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Tiling Over An Old Concrete Floor


Is it acceptable practice to lay ceramic tile on a concrete floor? Any problems if the floor is already painted? Is moisture a concern?




I'm not aware of moisture being any concern, if the tile is installed properly.

According to the book "Setting Tile" by Michael Byrne (Taunton Press), tile can be laid over concrete floor slabs, but...

  • The tile may crack if any existing cracks in the slab decide to move, which is pretty likely. 
  • The paint will prevent mortar from sticking to the floor.
  • Not if the slab was smoothed with a steel trowel. Most indoor slabs ARE finished with a steel trowel. This makes the surface too slick, not rough enough. He says that such a slab can be roughened up with an abrasive wheel or a special brush-hammering tool. I think he's referring to a device called a needle gun, needle-scaler, or something like that. I've seen them, they have a bunch of hardened steel pins that vibrate in and out, and when you push the pins onto a surface (such as rusted metal, the primary purpose of this tool) the vibrating needles poke away at the finish.

Personally, I wouldn't try applying tile over old painted concrete. These needle gun machines are expensive and could take a long time. Maybe this would be a worthwhile approach if a subcontractor could be found that has special equipment to remove the old floor paint and roughen up the surface.

I would consider securing 1/2" Durock cement backerboard to the concrete, using a Ramset. You can get a small Ramset for about $20 at Sears and for about $75 you can get the trigger-activated Ramset (preferred) that makes short work out of nailing into concrete. These tools use .22 caliber shells to drive hardened nails into concrete, and they work fast. I've never used one, but I've seen them. Also, Hilti makes some professional-grade concrete nailers. Call around. You should be able to rent these tools. I would want to try a small section just to be sure that the nails will go in right and not protrude. The nail length and size of the cartridge are quite critical... not enough powder in the shell and the nails won't go in. Maybe you can ask some tool rental dealers if they have any experience with fastening cement backerboard to concrete.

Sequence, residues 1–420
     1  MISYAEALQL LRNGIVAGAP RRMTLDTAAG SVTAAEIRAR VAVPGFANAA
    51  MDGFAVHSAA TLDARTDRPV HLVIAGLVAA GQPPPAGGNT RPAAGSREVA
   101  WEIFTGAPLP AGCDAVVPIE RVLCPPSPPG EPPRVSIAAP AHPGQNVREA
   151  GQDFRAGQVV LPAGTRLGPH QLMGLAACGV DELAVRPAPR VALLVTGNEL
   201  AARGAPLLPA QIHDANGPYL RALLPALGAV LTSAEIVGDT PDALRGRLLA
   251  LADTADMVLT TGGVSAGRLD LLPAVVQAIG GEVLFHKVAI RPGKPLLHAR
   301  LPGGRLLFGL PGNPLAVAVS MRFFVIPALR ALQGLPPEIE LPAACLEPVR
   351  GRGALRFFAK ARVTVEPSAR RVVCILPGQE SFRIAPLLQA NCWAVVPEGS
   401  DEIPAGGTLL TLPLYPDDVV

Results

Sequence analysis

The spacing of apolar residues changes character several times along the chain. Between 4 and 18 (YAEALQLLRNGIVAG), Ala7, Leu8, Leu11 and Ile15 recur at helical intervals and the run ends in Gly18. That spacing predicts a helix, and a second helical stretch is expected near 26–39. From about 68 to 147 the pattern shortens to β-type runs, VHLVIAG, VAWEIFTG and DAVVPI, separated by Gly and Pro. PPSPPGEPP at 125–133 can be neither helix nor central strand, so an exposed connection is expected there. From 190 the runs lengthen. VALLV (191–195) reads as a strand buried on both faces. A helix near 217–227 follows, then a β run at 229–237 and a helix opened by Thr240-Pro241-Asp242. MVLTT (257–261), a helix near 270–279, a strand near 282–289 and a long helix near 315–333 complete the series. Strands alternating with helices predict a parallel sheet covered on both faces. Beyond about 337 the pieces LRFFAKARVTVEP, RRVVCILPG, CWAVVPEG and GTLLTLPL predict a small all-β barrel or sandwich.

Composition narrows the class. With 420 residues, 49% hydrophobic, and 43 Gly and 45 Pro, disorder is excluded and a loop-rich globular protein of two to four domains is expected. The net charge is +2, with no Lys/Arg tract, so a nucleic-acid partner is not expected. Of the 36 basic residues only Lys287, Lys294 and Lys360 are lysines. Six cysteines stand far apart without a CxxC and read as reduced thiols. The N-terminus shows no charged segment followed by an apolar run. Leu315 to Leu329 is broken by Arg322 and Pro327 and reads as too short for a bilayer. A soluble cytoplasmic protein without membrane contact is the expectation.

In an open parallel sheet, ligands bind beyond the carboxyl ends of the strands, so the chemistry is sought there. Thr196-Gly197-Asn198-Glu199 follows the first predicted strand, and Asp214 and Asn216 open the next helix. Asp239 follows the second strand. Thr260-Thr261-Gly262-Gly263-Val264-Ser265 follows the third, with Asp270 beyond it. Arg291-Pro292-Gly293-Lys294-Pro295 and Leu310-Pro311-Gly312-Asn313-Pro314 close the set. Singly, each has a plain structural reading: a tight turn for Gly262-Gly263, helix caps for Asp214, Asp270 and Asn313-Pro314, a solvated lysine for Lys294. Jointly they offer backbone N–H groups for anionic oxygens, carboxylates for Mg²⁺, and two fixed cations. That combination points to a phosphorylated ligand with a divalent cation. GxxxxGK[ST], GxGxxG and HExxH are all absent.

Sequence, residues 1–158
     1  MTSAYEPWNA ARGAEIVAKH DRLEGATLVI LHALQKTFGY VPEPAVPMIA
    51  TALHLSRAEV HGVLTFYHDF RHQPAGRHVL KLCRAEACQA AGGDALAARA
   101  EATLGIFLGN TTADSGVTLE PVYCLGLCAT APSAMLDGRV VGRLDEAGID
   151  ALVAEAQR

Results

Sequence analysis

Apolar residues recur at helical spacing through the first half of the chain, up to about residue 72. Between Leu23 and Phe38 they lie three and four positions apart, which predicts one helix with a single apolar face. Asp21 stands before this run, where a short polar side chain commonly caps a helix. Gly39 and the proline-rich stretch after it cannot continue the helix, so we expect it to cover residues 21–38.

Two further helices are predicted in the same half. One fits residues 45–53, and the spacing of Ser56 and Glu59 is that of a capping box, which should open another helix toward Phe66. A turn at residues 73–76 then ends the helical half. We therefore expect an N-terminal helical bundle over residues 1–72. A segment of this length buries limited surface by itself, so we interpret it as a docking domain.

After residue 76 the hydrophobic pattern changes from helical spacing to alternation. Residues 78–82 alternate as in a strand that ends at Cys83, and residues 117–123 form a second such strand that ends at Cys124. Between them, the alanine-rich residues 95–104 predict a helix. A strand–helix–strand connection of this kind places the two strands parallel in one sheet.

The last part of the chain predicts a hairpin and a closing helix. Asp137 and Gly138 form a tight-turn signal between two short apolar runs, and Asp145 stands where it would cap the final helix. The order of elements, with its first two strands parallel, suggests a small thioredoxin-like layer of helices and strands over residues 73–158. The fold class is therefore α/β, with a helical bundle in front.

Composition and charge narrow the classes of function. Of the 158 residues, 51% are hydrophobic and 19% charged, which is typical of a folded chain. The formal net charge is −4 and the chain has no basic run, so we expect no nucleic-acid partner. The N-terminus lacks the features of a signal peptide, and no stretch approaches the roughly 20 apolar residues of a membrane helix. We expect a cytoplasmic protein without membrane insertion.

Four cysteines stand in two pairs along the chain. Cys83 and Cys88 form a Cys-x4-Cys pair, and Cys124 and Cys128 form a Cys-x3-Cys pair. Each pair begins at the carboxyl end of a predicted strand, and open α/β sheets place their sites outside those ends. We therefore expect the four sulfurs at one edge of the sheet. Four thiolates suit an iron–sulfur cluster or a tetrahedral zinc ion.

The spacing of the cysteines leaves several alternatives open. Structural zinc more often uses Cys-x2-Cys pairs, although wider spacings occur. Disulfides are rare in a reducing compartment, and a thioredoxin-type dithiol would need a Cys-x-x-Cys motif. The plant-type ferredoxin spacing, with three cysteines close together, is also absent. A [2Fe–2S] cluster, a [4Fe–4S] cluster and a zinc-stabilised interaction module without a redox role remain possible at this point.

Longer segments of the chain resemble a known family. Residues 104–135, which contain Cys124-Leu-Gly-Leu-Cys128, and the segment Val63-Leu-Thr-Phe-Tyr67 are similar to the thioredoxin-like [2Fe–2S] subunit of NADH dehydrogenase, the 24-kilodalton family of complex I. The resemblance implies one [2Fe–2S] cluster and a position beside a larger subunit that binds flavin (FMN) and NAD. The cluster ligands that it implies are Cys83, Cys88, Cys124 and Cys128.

The other option would be to drill holes and drive Tapcon concrete screws into the floor to hold the Durock. This approach sounds like a bunch of work, and you'll need a hammer drill.

Whatever you do, tile will be cold unless you install a floor warming system. Vinyl looks awfully good from my vantage point. I recently worked in a new house that had what I thought was a nice tile floor, but it was vinyl. It had a rough texture just like tile. I don't know what brand it was. Good vinyl lasts a long time, is easy on the feet, and is much warmer. As much as I personally loathe vinyl products, I must admit that it makes sense for some places.

Bruce W. Maki, Editor.




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Copyright 2002

Compiled May 12, 2002